Lyles did a somersault when introduced before the race and a standing back flip celebrating afterward.

Olympic champion Shaunae Miller-Uibo won the 400m in the world’s fastest time in nine years — 49.97 seconds — edging world silver medalist Salwa Eid Naser of Bahrain. Naser, 20, ran 49.08, destroying her Asian record of 49.55, but lost for the first time in nearly one year.

Botswana’s Nijel Amos ran the world’s fastest 800m since the epic 2012 Olympic final, clocking 1:42.14 against a field that did not include injured world-record holder David Rudisha.

Marie-Josée Ta Lou of the Ivory Coast won a deep 100m in 10.89 seconds, confirming she is currently the world’s fastest woman. Ta Lou also has the fastest time in the world this year of 10.85 and hasn’t lost over 100m in 2018. The race lacked world champion Tori Bowie, while Olympic champion Elaine Thompson was third in 11.02.

Kenyan Timothy Cheruiyot took the 1500m in the fastest time in the world since the 2015 Monaco meet — 3:28.41. Cheruiyot, who came to Monaco with the world’s top three times this year, edged world champion Elijah Manangoi (3:29.64).

Norway’s Jakob Ingebrigtsen, 17, was fourth in 3:31.18, taking 2.54 seconds off the U18 world record and nearly six seconds off his personal best, according to the IAAF. U.S. Olympic champion Matthew Centrowitz was seventh in 3:31.77, his fastest time since Monaco 2015.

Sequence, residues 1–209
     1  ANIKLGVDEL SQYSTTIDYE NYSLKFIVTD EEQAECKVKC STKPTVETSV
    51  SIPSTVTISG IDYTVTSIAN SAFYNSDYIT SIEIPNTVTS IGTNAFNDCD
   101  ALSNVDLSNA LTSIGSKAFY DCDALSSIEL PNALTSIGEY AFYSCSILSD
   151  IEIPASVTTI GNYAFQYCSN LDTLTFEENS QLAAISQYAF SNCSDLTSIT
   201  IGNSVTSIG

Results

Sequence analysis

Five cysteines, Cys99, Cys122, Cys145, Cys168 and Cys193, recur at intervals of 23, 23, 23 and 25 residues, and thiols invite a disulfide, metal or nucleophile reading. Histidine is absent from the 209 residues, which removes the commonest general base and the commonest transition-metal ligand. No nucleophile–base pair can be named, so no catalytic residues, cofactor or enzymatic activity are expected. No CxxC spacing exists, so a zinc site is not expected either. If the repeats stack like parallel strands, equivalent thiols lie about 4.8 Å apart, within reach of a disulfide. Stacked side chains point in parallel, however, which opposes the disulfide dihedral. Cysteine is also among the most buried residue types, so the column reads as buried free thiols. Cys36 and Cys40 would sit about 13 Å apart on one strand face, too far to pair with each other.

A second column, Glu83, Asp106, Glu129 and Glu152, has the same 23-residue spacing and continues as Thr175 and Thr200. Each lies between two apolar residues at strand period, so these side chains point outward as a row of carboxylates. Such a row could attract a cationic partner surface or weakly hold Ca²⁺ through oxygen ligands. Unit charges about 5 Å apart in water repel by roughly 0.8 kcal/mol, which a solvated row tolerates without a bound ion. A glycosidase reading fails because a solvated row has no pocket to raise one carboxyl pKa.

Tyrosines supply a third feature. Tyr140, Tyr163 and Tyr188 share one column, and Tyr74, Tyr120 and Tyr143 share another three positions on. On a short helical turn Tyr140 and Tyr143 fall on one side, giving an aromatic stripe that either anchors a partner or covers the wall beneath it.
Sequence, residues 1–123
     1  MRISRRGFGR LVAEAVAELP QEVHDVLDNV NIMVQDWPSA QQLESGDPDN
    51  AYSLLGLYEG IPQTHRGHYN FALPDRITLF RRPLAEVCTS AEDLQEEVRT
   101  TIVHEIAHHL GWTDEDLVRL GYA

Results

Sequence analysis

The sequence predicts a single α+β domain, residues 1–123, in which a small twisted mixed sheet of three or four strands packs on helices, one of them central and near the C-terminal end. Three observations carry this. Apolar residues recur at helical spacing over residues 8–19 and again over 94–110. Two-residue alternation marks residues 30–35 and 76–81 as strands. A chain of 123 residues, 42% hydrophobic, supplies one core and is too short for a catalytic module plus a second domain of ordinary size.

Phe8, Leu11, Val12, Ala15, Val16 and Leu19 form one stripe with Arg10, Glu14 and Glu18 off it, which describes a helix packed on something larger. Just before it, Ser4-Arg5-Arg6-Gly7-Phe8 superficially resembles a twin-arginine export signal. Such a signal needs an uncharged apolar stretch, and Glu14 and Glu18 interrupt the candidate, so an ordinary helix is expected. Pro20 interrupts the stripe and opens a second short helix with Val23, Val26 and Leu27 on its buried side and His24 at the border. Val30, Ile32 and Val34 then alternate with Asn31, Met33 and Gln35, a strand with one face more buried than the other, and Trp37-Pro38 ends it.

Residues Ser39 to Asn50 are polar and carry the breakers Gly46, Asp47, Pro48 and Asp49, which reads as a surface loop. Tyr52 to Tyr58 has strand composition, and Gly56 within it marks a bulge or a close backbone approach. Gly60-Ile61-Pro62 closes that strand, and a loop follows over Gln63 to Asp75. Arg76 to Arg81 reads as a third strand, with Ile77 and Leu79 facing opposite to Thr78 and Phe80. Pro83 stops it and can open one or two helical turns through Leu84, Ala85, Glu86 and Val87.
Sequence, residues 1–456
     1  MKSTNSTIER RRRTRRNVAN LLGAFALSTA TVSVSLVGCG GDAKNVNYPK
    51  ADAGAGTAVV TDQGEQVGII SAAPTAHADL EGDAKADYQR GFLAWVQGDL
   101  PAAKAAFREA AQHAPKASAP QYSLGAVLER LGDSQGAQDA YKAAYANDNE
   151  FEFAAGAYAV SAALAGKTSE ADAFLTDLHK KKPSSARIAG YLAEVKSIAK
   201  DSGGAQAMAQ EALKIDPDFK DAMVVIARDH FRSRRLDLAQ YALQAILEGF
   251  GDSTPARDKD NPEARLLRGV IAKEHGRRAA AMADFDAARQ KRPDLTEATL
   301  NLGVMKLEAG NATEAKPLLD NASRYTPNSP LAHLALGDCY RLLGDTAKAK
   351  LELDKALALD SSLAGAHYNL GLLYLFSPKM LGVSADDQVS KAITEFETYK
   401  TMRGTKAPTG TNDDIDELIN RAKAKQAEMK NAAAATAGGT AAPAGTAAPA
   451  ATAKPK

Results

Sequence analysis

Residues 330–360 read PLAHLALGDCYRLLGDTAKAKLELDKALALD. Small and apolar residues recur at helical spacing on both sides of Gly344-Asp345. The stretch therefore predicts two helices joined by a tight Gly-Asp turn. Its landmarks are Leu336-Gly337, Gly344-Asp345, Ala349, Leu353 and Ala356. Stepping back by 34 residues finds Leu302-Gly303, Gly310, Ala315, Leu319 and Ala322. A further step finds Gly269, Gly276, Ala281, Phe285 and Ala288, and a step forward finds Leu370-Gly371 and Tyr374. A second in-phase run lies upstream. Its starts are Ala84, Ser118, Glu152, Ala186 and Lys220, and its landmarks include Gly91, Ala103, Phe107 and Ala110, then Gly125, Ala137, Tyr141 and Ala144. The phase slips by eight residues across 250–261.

World silver medalist Soufiane El Bakkali became the first steeplechaser to break eight minutes in three years. The Moroccan won in 7:58.15, while U.S. Olympic silver medalist Evan Jager was second in 8:01.02.

Two-time Olympic champion Christian Taylor beat Cuban-born Portuguese rival Pedro Pablo Pichardo in the triple jump, leaping 17.86 meters.

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MORE: Olympic stars demand IAAF rescind testosterone rule

Emmanuel Korir nearly falls, comes back to win 800m at Pre Classic

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Kenyan Emmanuel Korir overcame getting tripped with 200 meters left to win the 800m on the first day of the Prefontaine Classic on Friday.